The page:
OPM Makes Diversity a Top Priority: The U.S. Office of Personnel Management Makes New Strides to Foster Diversity and Inclusion within the Federal Workforce

By Pace, Ann | Talent Development, June 2011 | Go to article overview

OPM Makes Diversity a Top Priority: The U.S. Office of Personnel Management Makes New Strides to Foster Diversity and Inclusion within the Federal Workforce


Pace, Ann, Talent Development


For decades, programs to increase workplace diversity have been works-in-progress for most corporations in the United States. The public sector also has ramped up its efforts on this front, as the Office of Personnel Management develops new initiatives to grow a diverse and inclusive federal workforce.

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Supported by President Obama's July 2010 executive order calling for an additional 100,000 individuals with disabilities to be employed by the federal government within the next five years, OPM's 2010-2015 strategic plan makes promoting diversity and inclusion in the federal workplace a top priority. Specific goals include providing employee training aimed at creating and maintaining a culture where diversity is valued and promoted, and attracting diverse talent through targeted recruitment and retention efforts.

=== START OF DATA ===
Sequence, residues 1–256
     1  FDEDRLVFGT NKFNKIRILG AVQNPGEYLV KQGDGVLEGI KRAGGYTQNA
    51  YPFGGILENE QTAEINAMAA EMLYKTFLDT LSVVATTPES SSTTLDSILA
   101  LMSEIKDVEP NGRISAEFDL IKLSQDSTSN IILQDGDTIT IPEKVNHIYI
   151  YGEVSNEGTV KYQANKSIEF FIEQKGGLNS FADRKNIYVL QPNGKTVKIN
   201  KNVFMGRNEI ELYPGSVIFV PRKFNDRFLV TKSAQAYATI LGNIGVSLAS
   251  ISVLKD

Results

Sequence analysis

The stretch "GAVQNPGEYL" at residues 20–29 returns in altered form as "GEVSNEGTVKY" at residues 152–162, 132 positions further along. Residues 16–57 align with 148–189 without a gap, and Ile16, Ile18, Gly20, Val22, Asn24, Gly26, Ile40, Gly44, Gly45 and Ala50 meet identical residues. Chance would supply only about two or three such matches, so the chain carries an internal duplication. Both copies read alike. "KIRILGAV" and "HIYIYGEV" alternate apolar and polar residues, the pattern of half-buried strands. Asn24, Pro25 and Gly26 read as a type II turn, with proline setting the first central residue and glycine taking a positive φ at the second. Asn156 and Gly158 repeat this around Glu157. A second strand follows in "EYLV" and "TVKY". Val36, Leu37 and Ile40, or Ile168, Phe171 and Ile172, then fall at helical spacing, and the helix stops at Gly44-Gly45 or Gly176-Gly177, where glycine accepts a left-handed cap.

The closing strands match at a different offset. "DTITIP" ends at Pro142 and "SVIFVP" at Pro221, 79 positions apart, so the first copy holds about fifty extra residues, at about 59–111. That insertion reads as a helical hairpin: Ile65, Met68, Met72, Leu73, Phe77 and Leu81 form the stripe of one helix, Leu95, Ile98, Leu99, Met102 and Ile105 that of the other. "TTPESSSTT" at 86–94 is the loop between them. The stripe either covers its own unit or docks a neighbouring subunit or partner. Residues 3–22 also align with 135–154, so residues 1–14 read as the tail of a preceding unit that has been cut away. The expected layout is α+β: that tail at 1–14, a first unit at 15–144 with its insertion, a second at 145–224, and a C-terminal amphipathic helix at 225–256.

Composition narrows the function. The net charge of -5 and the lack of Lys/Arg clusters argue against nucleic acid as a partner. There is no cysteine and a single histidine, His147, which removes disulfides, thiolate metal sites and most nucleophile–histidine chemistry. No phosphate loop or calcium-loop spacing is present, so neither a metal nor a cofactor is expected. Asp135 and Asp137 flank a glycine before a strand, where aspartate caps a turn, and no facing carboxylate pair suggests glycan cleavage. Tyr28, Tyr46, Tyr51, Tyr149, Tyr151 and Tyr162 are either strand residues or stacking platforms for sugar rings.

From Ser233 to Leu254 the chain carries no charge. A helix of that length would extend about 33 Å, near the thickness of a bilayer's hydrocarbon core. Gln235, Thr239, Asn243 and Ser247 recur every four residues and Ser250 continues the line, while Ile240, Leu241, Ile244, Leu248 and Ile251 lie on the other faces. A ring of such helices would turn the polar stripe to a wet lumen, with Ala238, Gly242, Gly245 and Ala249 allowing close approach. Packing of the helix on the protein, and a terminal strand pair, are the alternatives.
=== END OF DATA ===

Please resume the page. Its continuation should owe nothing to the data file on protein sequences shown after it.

According to OPM, the number of minorities at the senior pay levels increased by 9.4 percent within the past year--from 3,709 in 2009 to 4,059 in 2010. Women held 31.2 percent of senior-level positions, and the proportion of women and minorities in GS grades 13 through 15 increased by 7.9 percent and 9.4 percent, respectively.

During the past two years, OPM Director John Berry has taken several practical steps to help drive these diversity changes. He reversed a previous policy that did not allow federal agencies to collect demographic data from employment applicants. According to OPM, "The absence of such data has significantly hampered agencies' ability to analyze whether they are effectively recruiting Americans of diverse backgrounds and to identify, and, where possible, eliminate barriers that deny equal access to employment opportunities."

Berry also created a Hispanic Council on Federal Employment (established under the Federal Advisory Committee Act of 1972), launched in February 2011. This council advises Berry on eradicating barriers to the employment and promotion of Hispanic Americans.

In addition to these recent efforts, OPM has three offices designed to "implement innovative solutions to build and sustain a workforce that includes top talent from every part of America. …

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